Scorsese announced his music-infused (Ronettes! Rolling Stones!), superbly crafted style to many with 1973′s Mean Streets, his third feature. Harvey Keitel had previously starred in Scorsese’s 1967′s Who’s That Knocking At My Door, an ultra-low budget sort of prequel to Mean Streets, shot in black & white and in a frenzied, heavily verite-influenced style. Keitel plays different characters (he’s ‘Charlie’ here and ‘J.R.’ in Knocking) but they have similar attitudes and personal conflicts, with women and with their Catholic faiths (“You don’t pay for your sins in Church, you do it in the streets, you do it at home. The rest is bullshit and you know it” – the film’s opening lines). Certainly Scorsese sees part of himself in them. There’s a physicality to Scorsese’s best work. This is one of the many superb sequences.The last shot is subjective filmmaking on an insanely creative level (the camera’s buzzed).
Mean Streets private party: SHOT SEQUENCE
* lovely verite-like hand held shallow depth of field close-up of a woman using a table candle to light a smoke, amidst streamers.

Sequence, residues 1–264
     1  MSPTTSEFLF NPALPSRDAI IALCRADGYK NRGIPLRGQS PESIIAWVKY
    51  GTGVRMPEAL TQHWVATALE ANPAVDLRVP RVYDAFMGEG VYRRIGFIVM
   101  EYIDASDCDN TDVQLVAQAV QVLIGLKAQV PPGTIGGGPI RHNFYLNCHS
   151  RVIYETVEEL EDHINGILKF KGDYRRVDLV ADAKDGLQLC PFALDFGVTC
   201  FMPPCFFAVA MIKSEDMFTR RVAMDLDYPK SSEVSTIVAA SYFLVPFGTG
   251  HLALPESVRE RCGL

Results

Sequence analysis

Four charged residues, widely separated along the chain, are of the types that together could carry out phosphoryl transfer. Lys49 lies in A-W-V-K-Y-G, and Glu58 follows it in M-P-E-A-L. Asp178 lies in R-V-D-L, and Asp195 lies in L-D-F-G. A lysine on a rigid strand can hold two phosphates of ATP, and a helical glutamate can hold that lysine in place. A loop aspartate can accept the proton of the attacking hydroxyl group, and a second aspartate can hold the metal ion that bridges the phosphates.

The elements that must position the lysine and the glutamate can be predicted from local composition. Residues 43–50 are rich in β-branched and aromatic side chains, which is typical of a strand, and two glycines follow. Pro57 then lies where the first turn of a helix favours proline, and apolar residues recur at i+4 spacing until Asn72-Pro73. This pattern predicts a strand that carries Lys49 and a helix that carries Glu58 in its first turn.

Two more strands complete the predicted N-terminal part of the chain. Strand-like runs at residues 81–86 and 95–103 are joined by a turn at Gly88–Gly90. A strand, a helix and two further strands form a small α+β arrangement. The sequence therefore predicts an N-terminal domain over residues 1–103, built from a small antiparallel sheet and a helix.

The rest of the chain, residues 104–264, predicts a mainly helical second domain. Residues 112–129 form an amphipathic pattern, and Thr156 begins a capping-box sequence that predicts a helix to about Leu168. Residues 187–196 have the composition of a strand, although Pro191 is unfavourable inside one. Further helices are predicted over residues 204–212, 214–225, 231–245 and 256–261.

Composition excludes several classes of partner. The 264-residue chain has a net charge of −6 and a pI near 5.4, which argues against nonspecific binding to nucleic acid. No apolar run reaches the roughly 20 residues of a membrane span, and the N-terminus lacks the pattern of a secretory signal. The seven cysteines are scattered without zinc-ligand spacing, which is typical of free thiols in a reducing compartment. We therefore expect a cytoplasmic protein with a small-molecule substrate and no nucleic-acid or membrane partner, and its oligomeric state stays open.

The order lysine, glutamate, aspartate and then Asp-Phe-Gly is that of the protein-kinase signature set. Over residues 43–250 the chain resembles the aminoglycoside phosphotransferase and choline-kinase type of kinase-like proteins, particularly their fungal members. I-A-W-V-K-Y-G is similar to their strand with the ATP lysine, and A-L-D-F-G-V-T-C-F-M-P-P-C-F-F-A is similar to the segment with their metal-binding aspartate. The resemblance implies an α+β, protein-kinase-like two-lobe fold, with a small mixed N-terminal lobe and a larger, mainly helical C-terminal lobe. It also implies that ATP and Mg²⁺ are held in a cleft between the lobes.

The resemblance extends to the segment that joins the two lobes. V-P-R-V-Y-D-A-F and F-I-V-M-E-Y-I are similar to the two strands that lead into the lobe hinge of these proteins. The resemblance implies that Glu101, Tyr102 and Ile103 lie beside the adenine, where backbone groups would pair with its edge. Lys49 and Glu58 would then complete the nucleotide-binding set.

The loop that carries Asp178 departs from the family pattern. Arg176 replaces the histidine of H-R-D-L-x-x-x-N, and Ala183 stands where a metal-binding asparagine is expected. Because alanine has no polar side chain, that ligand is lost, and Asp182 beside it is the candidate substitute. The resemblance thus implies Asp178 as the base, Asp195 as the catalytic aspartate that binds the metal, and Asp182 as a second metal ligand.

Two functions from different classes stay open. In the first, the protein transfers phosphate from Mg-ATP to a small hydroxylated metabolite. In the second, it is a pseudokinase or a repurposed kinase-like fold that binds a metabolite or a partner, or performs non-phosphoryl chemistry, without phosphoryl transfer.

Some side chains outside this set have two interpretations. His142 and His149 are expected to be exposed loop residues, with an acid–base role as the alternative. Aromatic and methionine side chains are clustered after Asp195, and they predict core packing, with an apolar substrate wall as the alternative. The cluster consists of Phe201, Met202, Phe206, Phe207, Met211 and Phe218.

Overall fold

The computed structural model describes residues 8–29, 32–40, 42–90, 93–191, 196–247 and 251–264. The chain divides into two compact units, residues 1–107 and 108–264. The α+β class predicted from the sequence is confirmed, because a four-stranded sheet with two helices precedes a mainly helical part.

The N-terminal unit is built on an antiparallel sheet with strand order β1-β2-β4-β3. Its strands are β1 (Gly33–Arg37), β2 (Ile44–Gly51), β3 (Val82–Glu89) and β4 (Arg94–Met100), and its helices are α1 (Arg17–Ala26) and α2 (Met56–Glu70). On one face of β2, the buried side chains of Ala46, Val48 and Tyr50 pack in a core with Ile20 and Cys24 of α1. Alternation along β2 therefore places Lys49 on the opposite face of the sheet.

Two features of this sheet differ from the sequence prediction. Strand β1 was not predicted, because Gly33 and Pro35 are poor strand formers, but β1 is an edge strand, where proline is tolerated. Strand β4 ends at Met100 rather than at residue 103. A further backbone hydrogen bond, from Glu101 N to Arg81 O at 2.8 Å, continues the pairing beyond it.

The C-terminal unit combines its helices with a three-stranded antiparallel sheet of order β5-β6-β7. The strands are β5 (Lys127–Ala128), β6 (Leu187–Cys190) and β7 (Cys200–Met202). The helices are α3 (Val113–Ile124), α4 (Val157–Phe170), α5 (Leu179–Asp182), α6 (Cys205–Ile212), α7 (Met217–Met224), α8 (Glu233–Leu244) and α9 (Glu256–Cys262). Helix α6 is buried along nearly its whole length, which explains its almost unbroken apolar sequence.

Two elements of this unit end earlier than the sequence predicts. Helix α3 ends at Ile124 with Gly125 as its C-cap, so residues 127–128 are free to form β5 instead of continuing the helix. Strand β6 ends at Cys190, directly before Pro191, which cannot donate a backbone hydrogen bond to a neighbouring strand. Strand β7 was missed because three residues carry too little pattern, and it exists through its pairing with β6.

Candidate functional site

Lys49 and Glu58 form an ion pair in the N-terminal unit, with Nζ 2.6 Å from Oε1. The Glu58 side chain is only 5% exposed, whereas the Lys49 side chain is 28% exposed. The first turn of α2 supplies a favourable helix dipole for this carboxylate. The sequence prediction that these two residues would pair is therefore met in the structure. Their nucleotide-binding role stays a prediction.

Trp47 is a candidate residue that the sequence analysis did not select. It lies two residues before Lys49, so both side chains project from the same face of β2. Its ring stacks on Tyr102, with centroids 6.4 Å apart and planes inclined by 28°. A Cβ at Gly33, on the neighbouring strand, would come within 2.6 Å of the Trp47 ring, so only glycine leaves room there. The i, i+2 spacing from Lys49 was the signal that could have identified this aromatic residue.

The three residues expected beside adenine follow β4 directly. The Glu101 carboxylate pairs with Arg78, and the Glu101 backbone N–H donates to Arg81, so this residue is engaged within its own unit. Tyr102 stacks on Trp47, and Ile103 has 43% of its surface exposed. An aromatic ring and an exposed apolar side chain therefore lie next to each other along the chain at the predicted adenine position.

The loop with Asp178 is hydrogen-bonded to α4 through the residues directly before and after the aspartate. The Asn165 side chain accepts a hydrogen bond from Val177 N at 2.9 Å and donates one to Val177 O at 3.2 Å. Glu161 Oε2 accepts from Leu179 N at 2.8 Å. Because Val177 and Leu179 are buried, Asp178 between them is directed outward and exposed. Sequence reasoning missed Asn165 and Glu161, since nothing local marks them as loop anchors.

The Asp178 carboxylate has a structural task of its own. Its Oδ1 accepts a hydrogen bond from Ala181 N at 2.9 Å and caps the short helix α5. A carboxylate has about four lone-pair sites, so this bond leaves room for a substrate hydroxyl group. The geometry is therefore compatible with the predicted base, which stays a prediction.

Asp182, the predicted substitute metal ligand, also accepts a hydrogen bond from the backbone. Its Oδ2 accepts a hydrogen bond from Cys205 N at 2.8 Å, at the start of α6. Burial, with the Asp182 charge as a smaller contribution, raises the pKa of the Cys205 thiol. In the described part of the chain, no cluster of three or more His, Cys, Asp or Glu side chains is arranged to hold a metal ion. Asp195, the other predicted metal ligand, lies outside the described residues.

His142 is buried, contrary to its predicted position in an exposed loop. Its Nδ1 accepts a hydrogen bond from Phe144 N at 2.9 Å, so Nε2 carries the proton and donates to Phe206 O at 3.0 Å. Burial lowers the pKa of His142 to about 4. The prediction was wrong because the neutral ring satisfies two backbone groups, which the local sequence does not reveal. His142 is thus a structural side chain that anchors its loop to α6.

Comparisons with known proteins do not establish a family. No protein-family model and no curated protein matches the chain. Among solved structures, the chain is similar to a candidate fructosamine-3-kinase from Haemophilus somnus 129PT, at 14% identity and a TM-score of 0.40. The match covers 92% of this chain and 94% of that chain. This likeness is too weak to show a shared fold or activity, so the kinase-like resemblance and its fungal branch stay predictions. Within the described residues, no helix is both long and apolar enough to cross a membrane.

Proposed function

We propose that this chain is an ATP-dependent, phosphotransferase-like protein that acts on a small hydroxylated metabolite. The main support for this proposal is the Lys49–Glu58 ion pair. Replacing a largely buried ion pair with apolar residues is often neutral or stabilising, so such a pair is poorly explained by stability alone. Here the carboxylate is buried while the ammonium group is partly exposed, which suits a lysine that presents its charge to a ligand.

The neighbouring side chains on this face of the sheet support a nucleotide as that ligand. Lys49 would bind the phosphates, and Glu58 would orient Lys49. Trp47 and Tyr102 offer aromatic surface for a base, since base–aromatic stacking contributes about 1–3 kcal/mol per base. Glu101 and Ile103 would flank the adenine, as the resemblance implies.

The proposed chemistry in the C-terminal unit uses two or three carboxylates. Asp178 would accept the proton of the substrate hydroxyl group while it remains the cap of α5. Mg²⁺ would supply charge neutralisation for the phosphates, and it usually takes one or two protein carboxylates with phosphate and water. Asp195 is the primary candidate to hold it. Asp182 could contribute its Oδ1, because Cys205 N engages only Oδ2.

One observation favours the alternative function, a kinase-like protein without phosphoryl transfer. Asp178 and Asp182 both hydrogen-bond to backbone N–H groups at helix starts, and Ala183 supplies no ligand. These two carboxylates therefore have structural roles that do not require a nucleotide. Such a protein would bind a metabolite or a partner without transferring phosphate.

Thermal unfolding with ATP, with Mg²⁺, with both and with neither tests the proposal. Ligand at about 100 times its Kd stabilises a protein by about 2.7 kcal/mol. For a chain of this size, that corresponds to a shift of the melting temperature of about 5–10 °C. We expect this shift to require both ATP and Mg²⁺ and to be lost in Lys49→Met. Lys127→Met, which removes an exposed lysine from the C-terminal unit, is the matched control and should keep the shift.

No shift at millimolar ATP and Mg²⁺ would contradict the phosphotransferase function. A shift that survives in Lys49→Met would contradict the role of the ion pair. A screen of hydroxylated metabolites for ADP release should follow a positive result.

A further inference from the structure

* as if a clip culled from tons of footage, this is a quick snippet that suggests this type of behavior has been going on for some time: a low angle shot of Charlie and several others at a table, looking trashed.
* slow motion: a bouncer flips a flashlight in his hand. What does the cut imply? It may anticipate the lunacy about to occur – this bouncer is like a outsider (audience member?) watching the scene from some other dimension.
* Charlie up on the bar in longshot, hitting shot glasses with a pool cue, a friendly ice and water fight is breaking out.
* the scene continues from farther back (the only conventional cut) and plays out over some time, with ice being thrown and Charlie grabbing the drink hose and spraying everybody. A guy jumps up on the bar and the camera shakes (this is a movie where people frequently jump up on things – there’s also the “What’s a mook?” scene, where fighting occurs on top of the pool tables).
* Slow motion shot: Michael (Richard Romanus) exhales smoke rings. This type of small bad ass moment can be seen in many Scorsese films (think of De Niro’s Jimmy Conway at the bar in GoodFellas) and note also all the use of red in this scene in general. Much of Mean Streets and also Taxi Driver is red. Not to mention Bringing Out the Dead. Even in the black & white Raging Bull he snuck a little red in.
* Hand held – Tony tells Michael to play “only old ones” on the jukebox.
* The drunk shot: almost a minute and a half of Charlie’s last party moments, up to the point where he ends up on the floor. That hangover is not gonna be fun… The music is The Chips‘ “Rubber Biscuit.”